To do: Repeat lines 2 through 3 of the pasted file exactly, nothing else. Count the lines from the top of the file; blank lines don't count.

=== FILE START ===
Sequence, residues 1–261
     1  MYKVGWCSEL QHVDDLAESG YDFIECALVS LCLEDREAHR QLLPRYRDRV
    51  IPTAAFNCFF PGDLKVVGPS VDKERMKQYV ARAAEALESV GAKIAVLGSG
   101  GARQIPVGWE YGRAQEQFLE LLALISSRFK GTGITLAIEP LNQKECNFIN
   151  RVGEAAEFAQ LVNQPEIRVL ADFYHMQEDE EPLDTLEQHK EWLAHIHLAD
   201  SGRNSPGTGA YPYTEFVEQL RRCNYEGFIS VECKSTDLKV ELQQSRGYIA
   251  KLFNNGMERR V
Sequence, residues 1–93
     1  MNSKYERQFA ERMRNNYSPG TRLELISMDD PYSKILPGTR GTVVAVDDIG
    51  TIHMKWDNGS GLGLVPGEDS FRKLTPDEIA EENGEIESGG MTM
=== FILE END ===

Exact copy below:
     1  MYKVGWCSEL QHVDDLAESG YDFIECALVS LCLEDREAHR QLLPRYRDRV
    51  IPTAAFNCFF PGDLKVVGPS VDKERMKQYV ARAAEALESV GAKIAVLGSG